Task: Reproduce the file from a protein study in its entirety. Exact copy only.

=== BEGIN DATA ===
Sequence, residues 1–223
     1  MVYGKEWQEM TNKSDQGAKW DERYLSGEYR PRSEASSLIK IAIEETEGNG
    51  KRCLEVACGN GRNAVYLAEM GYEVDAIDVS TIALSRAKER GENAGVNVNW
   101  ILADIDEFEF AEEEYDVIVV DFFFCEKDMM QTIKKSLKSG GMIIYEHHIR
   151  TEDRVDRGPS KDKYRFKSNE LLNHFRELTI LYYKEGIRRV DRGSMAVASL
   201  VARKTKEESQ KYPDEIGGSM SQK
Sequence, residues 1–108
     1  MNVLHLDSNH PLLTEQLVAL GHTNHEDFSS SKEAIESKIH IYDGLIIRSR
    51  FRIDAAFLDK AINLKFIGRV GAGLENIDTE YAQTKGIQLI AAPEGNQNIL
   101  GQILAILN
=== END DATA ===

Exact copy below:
Sequence, residues 1–223
     1  MVYGKEWQEM TNKSDQGAKW DERYLSGEYR PRSEASSLIK IAIEETEGNG
    51  KRCLEVACGN GRNAVYLAEM GYEVDAIDVS TIALSRAKER GENAGVNVNW
   101  ILADIDEFEF AEEEYDVIVV DFFFCEKDMM QTIKKSLKSG GMIIYEHHIR
   151  TEDRVDRGPS KDKYRFKSNE LLNHFRELTI LYYKEGIRRV DRGSMAVASL
   201  VARKTKEESQ KYPDEIGGSM SQK
Sequence, residues 1–108
     1  MNVLHLDSNH PLLTEQLVAL GHTNHEDFSS SKEAIESKIH IYDGLIIRSR
    51  FRIDAAFLDK AINLKFIGRV GAGLENIDTE YAQTKGIQLI AAPEGNQNIL
   101  GQILAILN